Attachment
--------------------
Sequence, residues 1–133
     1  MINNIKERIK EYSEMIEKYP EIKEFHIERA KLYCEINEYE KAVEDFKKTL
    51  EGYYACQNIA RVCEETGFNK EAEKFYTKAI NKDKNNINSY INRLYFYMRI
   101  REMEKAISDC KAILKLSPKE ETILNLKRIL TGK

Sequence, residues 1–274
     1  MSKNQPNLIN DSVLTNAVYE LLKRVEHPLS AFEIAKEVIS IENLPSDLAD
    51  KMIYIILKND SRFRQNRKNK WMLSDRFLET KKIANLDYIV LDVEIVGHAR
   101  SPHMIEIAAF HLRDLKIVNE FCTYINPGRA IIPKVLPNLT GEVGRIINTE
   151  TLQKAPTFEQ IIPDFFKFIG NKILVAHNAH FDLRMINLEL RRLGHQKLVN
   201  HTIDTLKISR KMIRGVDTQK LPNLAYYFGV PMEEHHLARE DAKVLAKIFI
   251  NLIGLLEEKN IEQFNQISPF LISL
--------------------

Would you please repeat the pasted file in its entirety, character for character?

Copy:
Sequence, residues 1–133
     1  MINNIKERIK EYSEMIEKYP EIKEFHIERA KLYCEINEYE KAVEDFKKTL
    51  EGYYACQNIA RVCEETGFNK EAEKFYTKAI NKDKNNINSY INRLYFYMRI
   101  REMEKAISDC KAILKLSPKE ETILNLKRIL TGK

Sequence, residues 1–274
     1  MSKNQPNLIN DSVLTNAVYE LLKRVEHPLS AFEIAKEVIS IENLPSDLAD
    51  KMIYIILKND SRFRQNRKNK WMLSDRFLET KKIANLDYIV LDVEIVGHAR
   101  SPHMIEIAAF HLRDLKIVNE FCTYINPGRA IIPKVLPNLT GEVGRIINTE
   151  TLQKAPTFEQ IIPDFFKFIG NKILVAHNAH FDLRMINLEL RRLGHQKLVN
   201  HTIDTLKISR KMIRGVDTQK LPNLAYYFGV PMEEHHLARE DAKVLAKIFI
   251  NLIGLLEEKN IEQFNQISPF LISL